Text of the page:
A beautiful day on the beach: listening to the water; watching the sights; enjoying the view. Some people enjoy the soothing sounds of the waves, while others will be on the lookout for sea shells. It turns out that if you look hard enough, and long enough, especially at night, you might see something a little different. A calm early October evening becomes a different night on Dauphin Island for vacationers like Michael Jones from Tennessee.
"I kept noticing, out of the corner of my eye, the waves would crash on the beach and they kind of had a funny color. Light was actually coming from the waves. Several other people had noticed what was going on, as well."
Michael’s photos showed the light or the luminescence in the water, a lot brighter than what it really was. That’s because the pictures were long time exposures, in high-sensitivity mode, instead of the quick automatic snapshots that most of us take.
"The pictures were beautiful," says Dr Jeffrey Krause. He's a researcher at Dauphin Island Sea Lab. "The organisms that were most likely creating the luminescence were dinoflagellates- a type of phytoplankton. They are cosmopolitan. They are found everywhere."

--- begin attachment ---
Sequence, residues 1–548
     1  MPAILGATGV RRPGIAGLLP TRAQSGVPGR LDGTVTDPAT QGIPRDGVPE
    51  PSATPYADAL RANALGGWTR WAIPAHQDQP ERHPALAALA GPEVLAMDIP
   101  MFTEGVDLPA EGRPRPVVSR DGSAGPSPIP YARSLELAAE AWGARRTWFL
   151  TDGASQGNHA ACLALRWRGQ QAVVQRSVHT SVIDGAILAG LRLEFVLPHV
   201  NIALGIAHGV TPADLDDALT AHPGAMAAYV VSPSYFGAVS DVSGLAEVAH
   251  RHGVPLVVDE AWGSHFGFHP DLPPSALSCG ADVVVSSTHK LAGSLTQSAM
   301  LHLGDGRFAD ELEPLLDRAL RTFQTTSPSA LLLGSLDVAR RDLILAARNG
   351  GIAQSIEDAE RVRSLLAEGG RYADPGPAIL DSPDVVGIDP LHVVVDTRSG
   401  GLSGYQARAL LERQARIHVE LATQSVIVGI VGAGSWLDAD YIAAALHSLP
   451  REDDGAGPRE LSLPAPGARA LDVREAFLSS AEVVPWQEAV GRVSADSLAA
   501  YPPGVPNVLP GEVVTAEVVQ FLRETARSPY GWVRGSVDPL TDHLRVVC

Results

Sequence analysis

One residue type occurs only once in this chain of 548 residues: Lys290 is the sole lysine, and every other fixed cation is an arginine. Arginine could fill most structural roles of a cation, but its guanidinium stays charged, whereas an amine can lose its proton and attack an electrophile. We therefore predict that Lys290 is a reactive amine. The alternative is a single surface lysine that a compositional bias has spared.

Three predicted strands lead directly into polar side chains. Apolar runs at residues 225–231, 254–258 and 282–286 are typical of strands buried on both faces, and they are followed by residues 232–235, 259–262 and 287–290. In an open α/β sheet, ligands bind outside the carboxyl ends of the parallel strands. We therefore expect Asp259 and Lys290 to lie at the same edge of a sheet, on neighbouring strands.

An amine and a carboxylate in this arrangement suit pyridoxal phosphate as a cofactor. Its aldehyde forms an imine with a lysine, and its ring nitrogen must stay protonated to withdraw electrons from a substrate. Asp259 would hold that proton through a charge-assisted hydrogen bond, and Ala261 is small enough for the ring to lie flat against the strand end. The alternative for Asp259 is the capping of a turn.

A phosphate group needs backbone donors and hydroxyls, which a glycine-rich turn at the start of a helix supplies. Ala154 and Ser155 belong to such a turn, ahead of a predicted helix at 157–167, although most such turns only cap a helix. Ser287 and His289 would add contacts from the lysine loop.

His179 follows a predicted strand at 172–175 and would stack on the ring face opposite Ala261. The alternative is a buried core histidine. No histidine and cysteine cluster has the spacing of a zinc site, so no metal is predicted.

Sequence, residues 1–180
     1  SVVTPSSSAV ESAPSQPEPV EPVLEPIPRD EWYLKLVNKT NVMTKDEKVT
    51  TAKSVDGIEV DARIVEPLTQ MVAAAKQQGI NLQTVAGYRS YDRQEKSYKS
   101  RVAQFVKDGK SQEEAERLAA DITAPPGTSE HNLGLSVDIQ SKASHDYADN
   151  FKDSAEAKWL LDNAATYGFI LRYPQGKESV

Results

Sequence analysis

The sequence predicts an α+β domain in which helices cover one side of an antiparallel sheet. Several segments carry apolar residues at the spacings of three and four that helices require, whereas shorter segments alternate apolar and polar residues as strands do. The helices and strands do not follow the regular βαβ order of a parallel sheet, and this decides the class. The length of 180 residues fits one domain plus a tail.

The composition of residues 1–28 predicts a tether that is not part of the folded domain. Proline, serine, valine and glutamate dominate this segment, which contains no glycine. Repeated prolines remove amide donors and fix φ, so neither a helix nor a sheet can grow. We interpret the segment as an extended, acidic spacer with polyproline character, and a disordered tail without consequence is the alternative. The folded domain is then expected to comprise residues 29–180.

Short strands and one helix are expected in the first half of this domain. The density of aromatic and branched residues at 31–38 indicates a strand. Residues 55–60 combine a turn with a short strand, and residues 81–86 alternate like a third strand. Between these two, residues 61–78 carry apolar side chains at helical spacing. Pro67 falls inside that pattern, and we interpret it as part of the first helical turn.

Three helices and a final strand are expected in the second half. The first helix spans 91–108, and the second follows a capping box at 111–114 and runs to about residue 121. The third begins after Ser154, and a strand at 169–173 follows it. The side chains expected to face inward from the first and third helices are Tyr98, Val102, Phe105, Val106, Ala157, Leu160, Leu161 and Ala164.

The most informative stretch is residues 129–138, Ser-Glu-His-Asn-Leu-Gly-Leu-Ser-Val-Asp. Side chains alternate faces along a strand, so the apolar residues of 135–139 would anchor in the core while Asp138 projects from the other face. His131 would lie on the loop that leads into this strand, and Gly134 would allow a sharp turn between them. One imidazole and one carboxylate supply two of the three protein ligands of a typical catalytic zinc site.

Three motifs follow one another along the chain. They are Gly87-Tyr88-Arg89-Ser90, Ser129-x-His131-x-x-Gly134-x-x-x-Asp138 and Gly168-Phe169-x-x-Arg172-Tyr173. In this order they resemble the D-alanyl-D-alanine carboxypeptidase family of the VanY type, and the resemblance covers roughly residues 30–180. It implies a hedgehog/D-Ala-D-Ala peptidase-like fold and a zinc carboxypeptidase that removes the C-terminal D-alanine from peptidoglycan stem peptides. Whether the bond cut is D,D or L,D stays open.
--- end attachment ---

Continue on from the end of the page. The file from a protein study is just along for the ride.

Tiny phytoplankton, known as Noctiluca Scintillans, which roughly translates to night-shining sparkle- In the millions, they create bioluminescence.
"…and boaters might have seen it in the bow wakes of waves at night, they can see a little luminescence."
Michael Jones was surprised. "I thought it was something that you could only see in the Bahamas, and in other parts of the world. I didn’t realize that that was something that was visible, literally, right in our own backyard. "
Alan Sealls, News 5.
There is another type of bioluminescence that many of us are more familiar with- fireflies, or lightning bugs.
Read more about Dinoflagellate Biluminescence from Scripps Institution of Oceanography, and learn more about Noctiluca Scintillans, which are also called Sea Sparkle or Sea Tinkle.
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